The living wage in the UK – an analysis of the GMB campaign in local government

PROWSE, Peter and FELLS, Ray (2016). The living wage in the UK – an analysis of the GMB campaign in local government. Labour & Industry, 26 (1), 58-73.

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Official URL: http://www.tandfonline.com/doi/abs/10.1080/1030176...
Link to published version:: https://doi.org/10.1080/10301763.2016.1146529
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    Abstract

    The adoption of a statutory national minimum wage policy in the UK is proving ineffective in resolving the problem of low pay. The emergence of living wage campaigns in the UK follows similar developments in the USA, and more recently, New Zealand. Rather than focus on a particular employer-specific campaign, this paper explores the campaign of the General and Municipal Boilermakers Union (GMB) in local government which recruits members from low-paid occupations. The 11 local government sector cases examine contracted workers allied to local government services, drawingon interviews with full-time officers, lay representatives and members involved in the campaigns. Nine campaigns were successful and two were not. The Union’s strategy revealed an interplay between industrial and political influences and, despite the social-economic nature of the issue, the limited extent of involvement of social movements in the campaign.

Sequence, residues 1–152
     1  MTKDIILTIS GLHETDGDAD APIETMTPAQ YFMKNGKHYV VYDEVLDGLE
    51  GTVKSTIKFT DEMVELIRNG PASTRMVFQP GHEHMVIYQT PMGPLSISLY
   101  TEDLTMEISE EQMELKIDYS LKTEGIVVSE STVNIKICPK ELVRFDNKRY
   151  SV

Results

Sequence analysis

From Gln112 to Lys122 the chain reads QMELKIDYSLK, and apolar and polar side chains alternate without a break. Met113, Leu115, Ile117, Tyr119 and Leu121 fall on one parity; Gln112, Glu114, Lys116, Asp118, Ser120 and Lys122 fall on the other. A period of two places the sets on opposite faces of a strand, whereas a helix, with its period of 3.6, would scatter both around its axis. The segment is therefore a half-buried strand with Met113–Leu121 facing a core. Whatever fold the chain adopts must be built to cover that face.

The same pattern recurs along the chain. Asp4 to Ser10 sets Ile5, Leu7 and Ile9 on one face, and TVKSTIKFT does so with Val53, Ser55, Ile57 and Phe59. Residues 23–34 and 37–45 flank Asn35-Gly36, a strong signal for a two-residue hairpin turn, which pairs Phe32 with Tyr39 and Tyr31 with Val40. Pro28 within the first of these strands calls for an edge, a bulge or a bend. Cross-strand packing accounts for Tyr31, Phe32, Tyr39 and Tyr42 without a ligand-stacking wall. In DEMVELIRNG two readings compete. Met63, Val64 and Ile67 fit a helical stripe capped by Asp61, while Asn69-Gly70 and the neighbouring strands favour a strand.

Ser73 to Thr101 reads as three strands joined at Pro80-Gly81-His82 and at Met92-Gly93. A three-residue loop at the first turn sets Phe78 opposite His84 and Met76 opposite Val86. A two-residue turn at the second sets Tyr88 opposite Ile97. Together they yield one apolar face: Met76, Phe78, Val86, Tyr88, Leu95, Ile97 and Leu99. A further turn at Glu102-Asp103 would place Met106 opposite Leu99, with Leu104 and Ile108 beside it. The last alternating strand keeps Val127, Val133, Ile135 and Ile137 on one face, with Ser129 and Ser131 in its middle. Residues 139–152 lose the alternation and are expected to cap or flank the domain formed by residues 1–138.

Item Type: Article
    Research Institute, Centre or Group - Does NOT include content added after October 2018: Sheffield Business School Research Institute > People, Work and Organisation
    Departments - Does NOT include content added after October 2018: Sheffield Business School > Department of Management
    Identification Number: https://doi.org/10.1080/10301763.2016.1146529
    Page Range: 58-73
    Depositing User: Peter Prowse
    Date Deposited: 21 Jul 2016 09:04
    Last Modified: 01 Jul 2020 14:26
    URI: http://shura.shu.ac.uk/id/eprint/12586

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